One of the interesting challenges in Pedigree representation is being able to look the genetic information from the perspective of different probands. Being able to look at a genetic history from different perspectives allows for a variety of different techniques to be used for analysis.
In order to represent the family tree, the HL7 Pedigree model allows for two persons to be represented with a coded relationship between them. The coded relationship comes from the HL7 Family Relationship Role Type vocabulary. The essential model is that the patient is related to (at least) one other person, who could in turn be related to other persons, et cetera.
There is no requirement for the "pedigree" graph produced to use any specific relationship (e.g., parent, sibling, spouse), unlike what would be found in a "historical pedigree" such as this one. The vocabulary allows for exact (natural mother) and inexact (mother) relationships to be represented. Transforming when this sort of vocabulary is used to represent relationships, changing the viewpoint from one subject to another can be challenging.
I argued with my colleague that any canonical representation of a pedigree needs to also include a canonical representation of the relationships, and that the current vocabulary doesn't help at all, since it has a focal point that isn't really reversible. Changing the proband requires changing the direction of relationships and associated vocabulary.
23 and me has a great video describing the cousin relationship which helped me work through some of this. If you want to whether someone is your Nth cousin, and at how many removes they are, there's a simple answer. Cousins share a common grandparent (or great-grandparent, et cetera), but not common parents (that would be sibling, nephew, aunt, et cetera). To find the degree, count the number of greats between both parties to their common grandparent. Take the largest number and add one. If you and I share a common grand-parent, then the number of greats for both of us is 0, to which I add one, and discover we are first cousins. Now, if it's my grandparent, but your great-grandparent. To find the number removed, you are looking at the difference in generations. Simply take the difference in the "great" count.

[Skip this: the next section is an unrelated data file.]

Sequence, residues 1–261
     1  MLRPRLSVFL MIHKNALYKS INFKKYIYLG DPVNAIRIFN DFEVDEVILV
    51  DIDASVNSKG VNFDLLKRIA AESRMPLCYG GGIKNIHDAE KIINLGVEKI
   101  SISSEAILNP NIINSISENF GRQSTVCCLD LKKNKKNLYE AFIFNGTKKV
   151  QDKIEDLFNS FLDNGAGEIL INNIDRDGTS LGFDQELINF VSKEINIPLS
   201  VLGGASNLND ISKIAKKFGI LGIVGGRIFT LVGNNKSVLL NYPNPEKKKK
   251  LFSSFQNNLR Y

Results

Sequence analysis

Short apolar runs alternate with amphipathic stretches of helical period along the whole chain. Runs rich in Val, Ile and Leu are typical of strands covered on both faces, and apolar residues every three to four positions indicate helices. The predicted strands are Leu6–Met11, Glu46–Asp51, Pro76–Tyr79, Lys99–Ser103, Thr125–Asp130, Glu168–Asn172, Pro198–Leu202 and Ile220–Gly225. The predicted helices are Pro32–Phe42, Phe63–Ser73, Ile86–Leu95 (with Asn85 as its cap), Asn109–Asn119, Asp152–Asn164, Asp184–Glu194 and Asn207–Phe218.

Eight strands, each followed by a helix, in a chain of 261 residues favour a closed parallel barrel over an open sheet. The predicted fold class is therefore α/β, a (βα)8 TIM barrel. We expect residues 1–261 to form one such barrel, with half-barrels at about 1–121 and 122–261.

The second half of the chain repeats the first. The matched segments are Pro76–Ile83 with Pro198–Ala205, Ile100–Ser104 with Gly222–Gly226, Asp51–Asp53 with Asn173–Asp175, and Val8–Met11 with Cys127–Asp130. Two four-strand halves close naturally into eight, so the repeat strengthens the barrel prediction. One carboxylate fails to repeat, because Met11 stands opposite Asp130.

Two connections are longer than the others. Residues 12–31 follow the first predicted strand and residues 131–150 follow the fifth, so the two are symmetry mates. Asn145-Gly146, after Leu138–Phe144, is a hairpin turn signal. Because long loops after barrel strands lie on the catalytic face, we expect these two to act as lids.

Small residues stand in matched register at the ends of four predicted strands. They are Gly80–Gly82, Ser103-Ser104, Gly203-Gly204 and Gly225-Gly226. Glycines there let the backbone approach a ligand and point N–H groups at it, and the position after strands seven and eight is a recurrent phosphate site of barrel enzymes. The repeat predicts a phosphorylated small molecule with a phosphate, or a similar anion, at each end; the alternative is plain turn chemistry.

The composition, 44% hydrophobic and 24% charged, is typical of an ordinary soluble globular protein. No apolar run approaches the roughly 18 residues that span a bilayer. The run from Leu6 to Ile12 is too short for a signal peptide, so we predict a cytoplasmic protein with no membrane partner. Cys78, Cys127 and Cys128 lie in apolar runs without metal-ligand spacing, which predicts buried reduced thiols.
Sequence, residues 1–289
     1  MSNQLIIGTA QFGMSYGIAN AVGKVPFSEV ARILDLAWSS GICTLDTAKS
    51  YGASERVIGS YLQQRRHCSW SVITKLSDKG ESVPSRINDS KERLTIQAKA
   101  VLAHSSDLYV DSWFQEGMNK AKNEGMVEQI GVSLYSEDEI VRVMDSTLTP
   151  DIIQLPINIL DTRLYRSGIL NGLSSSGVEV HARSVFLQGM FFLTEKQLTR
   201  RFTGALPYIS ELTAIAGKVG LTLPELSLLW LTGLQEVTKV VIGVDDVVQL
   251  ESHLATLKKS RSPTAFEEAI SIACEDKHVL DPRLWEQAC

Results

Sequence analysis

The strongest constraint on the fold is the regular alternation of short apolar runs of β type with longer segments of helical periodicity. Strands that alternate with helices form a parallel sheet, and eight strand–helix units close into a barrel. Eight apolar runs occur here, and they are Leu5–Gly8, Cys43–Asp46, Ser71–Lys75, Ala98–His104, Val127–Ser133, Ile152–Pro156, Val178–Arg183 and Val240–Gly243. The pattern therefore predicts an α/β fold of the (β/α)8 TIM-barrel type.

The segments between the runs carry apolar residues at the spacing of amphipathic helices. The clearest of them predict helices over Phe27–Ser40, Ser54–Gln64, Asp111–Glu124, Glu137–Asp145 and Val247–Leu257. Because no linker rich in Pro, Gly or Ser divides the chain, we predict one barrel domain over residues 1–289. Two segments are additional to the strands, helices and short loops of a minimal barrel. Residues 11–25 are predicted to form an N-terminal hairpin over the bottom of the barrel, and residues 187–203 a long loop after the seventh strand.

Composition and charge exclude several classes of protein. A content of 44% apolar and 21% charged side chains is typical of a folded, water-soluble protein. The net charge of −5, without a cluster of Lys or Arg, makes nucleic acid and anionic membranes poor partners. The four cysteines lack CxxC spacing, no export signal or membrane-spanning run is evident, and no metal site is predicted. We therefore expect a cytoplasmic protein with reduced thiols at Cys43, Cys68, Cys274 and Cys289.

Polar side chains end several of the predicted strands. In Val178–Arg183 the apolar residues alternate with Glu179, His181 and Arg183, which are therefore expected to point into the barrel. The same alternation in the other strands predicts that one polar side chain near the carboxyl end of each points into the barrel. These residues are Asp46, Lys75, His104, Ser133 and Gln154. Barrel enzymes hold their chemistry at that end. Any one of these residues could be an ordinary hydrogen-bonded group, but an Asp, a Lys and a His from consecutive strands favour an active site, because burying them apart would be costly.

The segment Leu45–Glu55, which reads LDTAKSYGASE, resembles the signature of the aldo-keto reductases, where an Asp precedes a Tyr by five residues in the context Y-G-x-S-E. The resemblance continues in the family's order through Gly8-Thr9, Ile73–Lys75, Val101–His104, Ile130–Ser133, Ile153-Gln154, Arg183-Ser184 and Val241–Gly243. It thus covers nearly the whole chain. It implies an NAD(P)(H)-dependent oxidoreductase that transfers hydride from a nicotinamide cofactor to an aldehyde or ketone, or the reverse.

The unifying principal that I worked out is this:
In order to canonically represent relationships, you must only represent those between ancestors and their offspring. You can take it in either direction, dealing with "begat" or "was begatted by" as the preferred direction.
In the canonical form, then, you wouldn't need to represent the "cousin" relationship directly. Instead, you'd relate the two subject to their common *-grandparent.
We can construct a vocabulary to do that. Just use F to represent natural father, and M to represent natural mother. FF becomes my father's father, and FM my father's mother. The vocabulary can be modified to be more concise. Whenever F or M repeats, just put the repeat count following it. FF could be represented as F2.
To deal with ambiguity of the ancestry (if X is my first cousin, is it through my father's or mother's side), we could simply use P to represent parent. So, if X is my first cousin, we have a common grandparent, Y. X is related to Y by P2, and I'm related to Y by P2. If you don't know how far back the relationship goes, you could use the + operator. My cousin (first, second, third or more) and I would be related to a common ancestor Y using P+.
The nice thing about using this form for a canonical relationship is that it doesn't matter who the proband is, the set of relationships that are in the pedigree don't have to be modified when the subject changes.
While this would seem to capture almost everything needed in a pedigree, there's one genetic relationship that isn't expressed. See if you can discover which one. The answer is in comments below.